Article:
From playing Glastonbury and Ronnie Scott's to miming on children's television, musician turned comedian Rosie Wilby looks back at the emotional rollercoaster of chasing stardom at the heady height of Britpop in a reworked version of her acclaimed 2011 Edinburgh Fringe show directed by Anthony Shrubsall. Mixing stand-up, storytelling and songs, Rosie delves into a personal treasure trove of old photos, fan letters, reviews and her published diaries to investigate the nature of nostalgia. 'Fabulous songs and entertaining anecdotes' ***** (Edinburgh247.com).
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From playing Glastonbury and supporting Bob Geldof (only to get clamped outside the venue), Midge Ure (made her a cup of tea in his dressing room) and Tony Hadley (had the whole band evacuated for his soundcheck) to miming on children's television alongside Wurzel Gummidge, musician turned award winning Radio 4 regular comedian Rosie Wilby looks back at the emotional rollercoaster of chasing stardom at the heady height of Britpop in a completely reworked version of her acclaimed 2011 Fringe show Rosie's Pop Diary (***** Edinburgh 247, **** Scotsgay, Three Weeks, Fringe Guru).
'I wanted to bring out the storytelling and warm, nostalgic elements of the show this year - being billed as Theatre has given me the freedom to do that. I've added a lot more old photos and stories about near brushes with fame, auditions I just missed out on and the bizarre characters I met whilst auditioning for band members in the pages of Loot and Melody Maker' says Wilby. 'I'm also excited about our poster which subverts the classic 1997 Liam and Patsy Vanity Fair cover!' Whilst there are still hugely comedic elements such as her deadpan readings of wonderfully crazed fan letters she received and the lyrics to her Manic Street Preachers influenced opus Underachievers Of The World Unite - the first song she wrote about her girlfriend (who could've been forgiven for expecting something more romantic), she also ponders the nature of creativity, success and failure and the loss of a dream - both her own and a New Labour heralded 1990s optimism.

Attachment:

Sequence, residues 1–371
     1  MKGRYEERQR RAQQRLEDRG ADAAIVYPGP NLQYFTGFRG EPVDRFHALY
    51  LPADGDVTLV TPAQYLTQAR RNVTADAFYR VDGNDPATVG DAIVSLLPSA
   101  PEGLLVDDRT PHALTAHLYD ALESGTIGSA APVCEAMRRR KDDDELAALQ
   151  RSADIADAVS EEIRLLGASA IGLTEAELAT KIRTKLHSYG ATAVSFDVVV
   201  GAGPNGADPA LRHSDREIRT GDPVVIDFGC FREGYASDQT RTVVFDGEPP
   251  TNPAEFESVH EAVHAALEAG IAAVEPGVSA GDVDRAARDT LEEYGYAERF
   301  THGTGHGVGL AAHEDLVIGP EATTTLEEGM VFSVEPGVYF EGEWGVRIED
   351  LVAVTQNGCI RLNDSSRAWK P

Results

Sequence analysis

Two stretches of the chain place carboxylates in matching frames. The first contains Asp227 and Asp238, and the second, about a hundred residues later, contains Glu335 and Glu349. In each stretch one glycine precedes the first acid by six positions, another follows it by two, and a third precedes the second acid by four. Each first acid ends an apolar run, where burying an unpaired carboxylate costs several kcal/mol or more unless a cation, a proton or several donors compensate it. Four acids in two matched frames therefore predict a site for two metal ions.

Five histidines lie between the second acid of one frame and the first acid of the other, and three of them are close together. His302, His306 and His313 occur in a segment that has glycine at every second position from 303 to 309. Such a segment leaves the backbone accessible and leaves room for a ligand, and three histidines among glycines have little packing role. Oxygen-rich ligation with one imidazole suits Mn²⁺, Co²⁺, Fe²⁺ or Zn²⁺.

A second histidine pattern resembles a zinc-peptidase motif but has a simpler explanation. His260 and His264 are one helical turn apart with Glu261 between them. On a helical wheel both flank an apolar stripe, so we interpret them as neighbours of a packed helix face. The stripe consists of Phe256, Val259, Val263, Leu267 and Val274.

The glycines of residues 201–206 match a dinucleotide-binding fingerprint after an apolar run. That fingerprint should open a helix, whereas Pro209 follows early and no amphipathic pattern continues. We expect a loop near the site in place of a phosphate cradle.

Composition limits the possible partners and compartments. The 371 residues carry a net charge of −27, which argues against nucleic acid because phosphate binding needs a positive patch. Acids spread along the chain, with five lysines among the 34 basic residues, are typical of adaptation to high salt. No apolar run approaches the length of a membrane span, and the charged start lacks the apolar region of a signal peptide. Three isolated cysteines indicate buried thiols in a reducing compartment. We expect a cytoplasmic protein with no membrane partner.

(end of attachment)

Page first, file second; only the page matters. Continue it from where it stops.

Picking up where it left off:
How (not) to make it in Britpop appears for a limited run at The Bongo Club and tours the UK in November, with an accompanying book due out in 2013. This August, Rosie also appears at Green Man festival, Camden Fringe and RVT Hot August Fringe. She has developed this new version of the show with acclaimed theatre director Anthony Shrubsall, whose production of Security with renowned performance poet Zena Edwards was commissioned by BAC and Birmingham Rep.
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